US airstrike kills 5 al Qaeda operatives in North Waziristan

The US has conducted yet another cross-border strike in the badlands of Pakistan’s tribal agencies. In the fifth cross-border strike in six days, unmanned aircraft operating from Afghanistan struck an al Qaeda safe house in the village of Gurwak in Taliban-controlled North Waziristan.

Five to seven people have been reported killed in the strike. AFP reported five “foreign militants” – a term used to describe al Qaeda operatives, were killed. The identity of those killed has not been disclosed as Pakistani security forces are attempting to reach the scene of the attack. Geo TV reported that four children and three women were killed in the strike.

The village of Gurwak is in territory run by the powerful Haqqani family. The Haqqanis are closely allied with the Taliban and al Qaeda. The Haqqanis run a parallel government in North Waziristan and conduct military and suicide operations in eastern Afghanistan. Siraj Haqqani, the son of Taliban leader Jalaluddin Haqqani, has close ties to Osama bin Laden and is one of the most wanted terrorists in Afghanistan.

Cross-border strikes increase during 2008

The US has stepped up its attacks against al Qaeda and the Taliban’s networks inside Pakistan over the past year. There have been 13 confirmed cross-border attacks by the US in Pakistan this year [see list below]. Five safe houses have been hit in North Waziristan, six have been hit in South Waziristan, and two have been targeted in Bajaur this year. Only 10 such cross-border strikes were recorded in 2006 and 2007 combined.

The attack tempo has intensified over the past week. The US has conducted five cross-border attacks inside Pakistan since Aug 31. Three of the strikes occurred in North Waziristan, and two in South Waziristan.

On Aug. 31, US forces conducted two attacks. Five al Qaeda and Taliban fighters, including two Canadians of Arab origin, were killed in an airstrike near Miramshah in South Waziristan. That same day, a strike on a Taliban safe house in North Waziristan killed six. Another attack on a home known to shelter al Qaeda operatives in North Waziristan on Sept. 4 killed four.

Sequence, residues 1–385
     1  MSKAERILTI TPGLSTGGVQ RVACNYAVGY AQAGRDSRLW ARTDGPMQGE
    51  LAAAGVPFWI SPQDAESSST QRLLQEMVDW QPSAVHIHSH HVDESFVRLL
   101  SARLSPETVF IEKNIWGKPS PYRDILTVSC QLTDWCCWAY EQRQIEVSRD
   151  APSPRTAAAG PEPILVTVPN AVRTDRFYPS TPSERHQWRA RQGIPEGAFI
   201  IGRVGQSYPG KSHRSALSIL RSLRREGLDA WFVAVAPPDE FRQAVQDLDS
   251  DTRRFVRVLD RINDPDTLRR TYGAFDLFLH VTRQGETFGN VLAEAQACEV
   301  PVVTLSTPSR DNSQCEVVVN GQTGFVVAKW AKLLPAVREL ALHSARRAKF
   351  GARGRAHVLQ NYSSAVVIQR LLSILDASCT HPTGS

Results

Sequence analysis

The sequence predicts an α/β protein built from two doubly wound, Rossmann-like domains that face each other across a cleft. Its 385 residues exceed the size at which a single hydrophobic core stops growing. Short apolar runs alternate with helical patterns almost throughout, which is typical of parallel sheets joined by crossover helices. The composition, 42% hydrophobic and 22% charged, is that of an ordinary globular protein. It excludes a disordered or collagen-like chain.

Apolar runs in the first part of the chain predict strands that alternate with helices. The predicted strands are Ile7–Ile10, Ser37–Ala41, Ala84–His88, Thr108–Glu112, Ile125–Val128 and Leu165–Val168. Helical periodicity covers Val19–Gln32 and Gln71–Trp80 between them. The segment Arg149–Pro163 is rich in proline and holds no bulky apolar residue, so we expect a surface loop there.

The most controversial strike involved special operation teams inserted by helicopters in a village in South Waziristan just one mile from the Afghan border on Sept. 3. This is the second recorded incident of the direct involvement of US ground troops in a raid inside Pakistan since 2006.

Background on this year’s attacks

Three senior al Qaeda operatives have been confirmed killed during this year’s cross-border strikes in Pakistan.

Abu Khabab al Masri, al Qaeda’s bomb expert and weapons of mass destruction chief, was killed South Waziristan on July 28. Abu Sulayman Jazairi, al Qaeda’s external operations chief, was killed in Bajaur on May 14. Abu Laith al Libi, a senior commander in Afghanistan and the leader of the Libyan Islamic Fighting Group, was killed in North Waziristan on Jan. 28.

While the strikes have disrupted al Qaeda’s senior leadership, they have done little to disrupt the growth of al Qaeda and the Taliban in northwestern Pakistan.

The Taliban, al Qaeda, and allied terrorist groups have established 157 training camps and more than 400 support locations in the tribal areas and the Northwest Frontier Province, US intelligence officials have told The Long War Journal.

The Taliban has organized some of its fighters into military formations. Al Qaeda has reformed the notorious 055 Brigade, the Arab legion of al Qaeda fighters that was destroyed during the initial US assault in Afghanistan in late 2001. Additional al Qaeda brigades have been formed, intelligence officials informed The Long War Journal.

Foreign al Qaeda fighters have flocked to the Pakistani border regions. On July 23, Pakistani Prime Minister Gilani and his cabinet were told that more than 8,000 foreign fighters were operating in the tribal areas.

US attacks inside Pakistan in 2008:

US airstrike killed five al Qaeda operatives in North Waziristan,

Sept. 5, 2008